“We’re actually sneaking up the information on them during the obstacle course where they’re having so much fun, I don’t think they realize they’re learning sometimes,” event organizer Vicki Cech said.
Hundreds of spectators watched as teams of six, at least two of which must be girls, competed on a field where they played beach soccer with an oversized ball, ultimate Frisbee and tug-of-war.
The challenge combined fun competition with beach and water safety education, said Cech. It honors her son, Andy Fox, who drowned in 2003 after being caught in a rip current at the state park. He was 17.
Cech said the event is “incredibly important” to her and her family. She said she doesn’t want anyone else to go through the same tragedy.
“We want kids to be able to come down here and have fun, have a great day at the beach,” she said. “And even if there’s waves, if they know what to do, they can get out of it if they get caught in a rip current. We just want to make them aware.”
Christine Clover, 40, competed for the first time this year with her team. She said she wants to be a role model to show the kids that they support the cause.
“I know it happened out of a tragedy, so I just want to thank that family for having the courage to step forward and just say you know what out of something so horrific has come something (that can) really make a difference,” Clover said.
The Adult A division winner was Lagwagon with Rob Saubaugh, Zac McCabe, Mari Haggerty, Lacey Reavis, Luke Poquette and Nick Vandersys. Steffen’s Studs placed second and Up Pup placed third.
The Adult B division winner was West Michigan Manthers with Gerrit Boone, Jeffrey Rickfelder, Jeremy Lattig, Megan Newhouse, Priscilla Vanheest and Andrew Wadaga. Second place in the division went to Hightide, while third was Unsalty Dogs.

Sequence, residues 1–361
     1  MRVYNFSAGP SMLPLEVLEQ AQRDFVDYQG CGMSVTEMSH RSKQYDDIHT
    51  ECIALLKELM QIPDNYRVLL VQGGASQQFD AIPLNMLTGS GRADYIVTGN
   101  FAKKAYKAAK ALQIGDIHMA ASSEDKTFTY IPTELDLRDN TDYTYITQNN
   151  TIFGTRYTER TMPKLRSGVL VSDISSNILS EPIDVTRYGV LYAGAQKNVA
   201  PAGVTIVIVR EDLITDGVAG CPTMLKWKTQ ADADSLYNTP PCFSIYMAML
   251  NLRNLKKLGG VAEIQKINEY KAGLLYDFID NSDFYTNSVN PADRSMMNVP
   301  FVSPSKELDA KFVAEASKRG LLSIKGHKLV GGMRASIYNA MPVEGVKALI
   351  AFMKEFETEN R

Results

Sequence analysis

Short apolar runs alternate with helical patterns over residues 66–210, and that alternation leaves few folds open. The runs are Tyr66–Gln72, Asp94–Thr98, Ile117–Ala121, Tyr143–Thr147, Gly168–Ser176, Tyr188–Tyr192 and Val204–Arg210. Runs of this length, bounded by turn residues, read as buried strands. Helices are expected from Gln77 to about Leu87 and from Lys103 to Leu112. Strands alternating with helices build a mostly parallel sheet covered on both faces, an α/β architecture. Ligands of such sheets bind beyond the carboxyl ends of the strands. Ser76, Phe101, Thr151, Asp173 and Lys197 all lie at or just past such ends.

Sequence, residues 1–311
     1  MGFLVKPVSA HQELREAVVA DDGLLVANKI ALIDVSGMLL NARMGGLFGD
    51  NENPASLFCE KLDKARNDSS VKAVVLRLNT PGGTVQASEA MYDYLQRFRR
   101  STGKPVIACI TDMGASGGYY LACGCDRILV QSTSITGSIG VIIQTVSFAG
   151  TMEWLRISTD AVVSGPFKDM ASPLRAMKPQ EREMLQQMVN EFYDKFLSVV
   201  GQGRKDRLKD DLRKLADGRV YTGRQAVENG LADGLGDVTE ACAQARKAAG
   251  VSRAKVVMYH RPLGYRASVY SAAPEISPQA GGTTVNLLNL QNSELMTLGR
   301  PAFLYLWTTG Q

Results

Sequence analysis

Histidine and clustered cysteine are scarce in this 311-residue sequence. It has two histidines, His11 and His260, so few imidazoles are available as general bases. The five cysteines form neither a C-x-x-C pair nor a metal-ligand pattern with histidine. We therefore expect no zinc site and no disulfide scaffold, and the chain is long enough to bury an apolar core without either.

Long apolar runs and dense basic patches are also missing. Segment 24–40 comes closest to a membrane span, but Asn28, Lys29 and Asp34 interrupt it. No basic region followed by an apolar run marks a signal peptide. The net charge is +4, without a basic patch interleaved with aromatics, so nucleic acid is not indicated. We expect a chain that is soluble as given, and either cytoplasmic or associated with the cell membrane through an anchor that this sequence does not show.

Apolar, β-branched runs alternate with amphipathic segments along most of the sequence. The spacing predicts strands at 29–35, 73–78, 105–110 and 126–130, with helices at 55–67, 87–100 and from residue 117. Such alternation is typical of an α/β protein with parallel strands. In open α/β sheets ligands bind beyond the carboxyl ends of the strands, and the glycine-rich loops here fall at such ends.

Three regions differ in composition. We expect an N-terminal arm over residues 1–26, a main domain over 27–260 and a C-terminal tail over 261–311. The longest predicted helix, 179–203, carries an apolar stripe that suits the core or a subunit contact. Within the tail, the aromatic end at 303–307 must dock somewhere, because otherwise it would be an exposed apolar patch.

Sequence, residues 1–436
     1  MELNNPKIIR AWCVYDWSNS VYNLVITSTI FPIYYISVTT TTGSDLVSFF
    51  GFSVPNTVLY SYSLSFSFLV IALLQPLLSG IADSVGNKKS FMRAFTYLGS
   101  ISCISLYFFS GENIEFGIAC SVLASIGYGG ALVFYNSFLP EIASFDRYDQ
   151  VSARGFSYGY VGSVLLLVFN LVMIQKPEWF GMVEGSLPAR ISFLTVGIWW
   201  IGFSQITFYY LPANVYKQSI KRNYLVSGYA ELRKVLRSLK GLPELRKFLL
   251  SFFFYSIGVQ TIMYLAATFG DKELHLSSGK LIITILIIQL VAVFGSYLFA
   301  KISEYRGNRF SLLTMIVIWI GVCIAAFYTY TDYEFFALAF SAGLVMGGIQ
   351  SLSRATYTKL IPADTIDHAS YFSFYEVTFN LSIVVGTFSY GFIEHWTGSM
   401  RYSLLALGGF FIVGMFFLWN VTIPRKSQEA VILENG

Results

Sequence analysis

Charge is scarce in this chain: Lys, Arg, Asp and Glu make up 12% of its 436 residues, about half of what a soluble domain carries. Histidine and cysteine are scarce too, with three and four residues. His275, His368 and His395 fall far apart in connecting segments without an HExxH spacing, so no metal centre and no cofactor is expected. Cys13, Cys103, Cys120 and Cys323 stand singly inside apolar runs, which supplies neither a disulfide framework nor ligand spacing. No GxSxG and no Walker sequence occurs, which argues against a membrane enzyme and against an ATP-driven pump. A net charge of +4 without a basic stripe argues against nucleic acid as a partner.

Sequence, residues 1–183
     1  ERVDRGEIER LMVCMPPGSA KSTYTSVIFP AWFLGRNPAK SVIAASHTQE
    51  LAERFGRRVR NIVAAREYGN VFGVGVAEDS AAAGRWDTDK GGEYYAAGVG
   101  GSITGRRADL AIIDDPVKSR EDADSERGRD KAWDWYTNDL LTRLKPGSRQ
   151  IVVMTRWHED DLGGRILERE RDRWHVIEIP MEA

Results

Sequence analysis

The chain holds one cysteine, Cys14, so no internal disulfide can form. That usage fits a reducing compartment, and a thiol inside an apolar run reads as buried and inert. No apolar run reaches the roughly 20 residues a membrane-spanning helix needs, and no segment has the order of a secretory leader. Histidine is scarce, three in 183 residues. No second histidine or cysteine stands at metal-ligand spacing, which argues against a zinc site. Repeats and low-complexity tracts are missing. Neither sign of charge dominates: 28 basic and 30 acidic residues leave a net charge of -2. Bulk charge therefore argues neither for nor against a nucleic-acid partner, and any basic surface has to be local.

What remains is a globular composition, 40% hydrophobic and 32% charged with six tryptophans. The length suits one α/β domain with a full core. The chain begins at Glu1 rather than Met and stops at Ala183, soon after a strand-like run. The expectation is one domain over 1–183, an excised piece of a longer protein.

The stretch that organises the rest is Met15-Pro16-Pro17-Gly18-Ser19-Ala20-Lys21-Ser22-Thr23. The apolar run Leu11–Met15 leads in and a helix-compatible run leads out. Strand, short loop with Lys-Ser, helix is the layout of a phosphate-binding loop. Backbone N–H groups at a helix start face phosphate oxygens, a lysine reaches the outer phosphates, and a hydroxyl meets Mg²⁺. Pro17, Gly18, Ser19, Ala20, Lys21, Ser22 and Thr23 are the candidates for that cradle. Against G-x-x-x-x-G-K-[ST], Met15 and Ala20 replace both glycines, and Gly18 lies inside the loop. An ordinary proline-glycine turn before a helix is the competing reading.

Winners of the middle school division were the West Coast Tidal Waves with Aaron Tilton, Christian Ostrowski, Will Warmoth, Saebryn Peel, Morgan Carey and Sydney Borchers. The Grand Haven All-Stars placed second in the division, while the Amadillo Shoeshine placed third.
Susan Dalman, one of almost 200 volunteers, said learning about water safety is particularly critical to anybody who lives in Michigan.
“Anything we can do to save a life, being a mom, that’s really important,” Dalman said.
Jaime Fox, event organizer and Andy’s sister, said all money raised is recycled from year to year so they can continue the event.
“We’ve had just wonderful responses,” she said. “We have people tell us on a regular basis that it’s their favorite day of the year, and they look forward to it all year long.”
Aaron Clark, 12, said he came down to play and was able to learn some things as well.
“You can learn about the water safety, and then you can have fun with friends playing games,” Clark said.
Tribune reporter Kyle Moroney contributed to this article.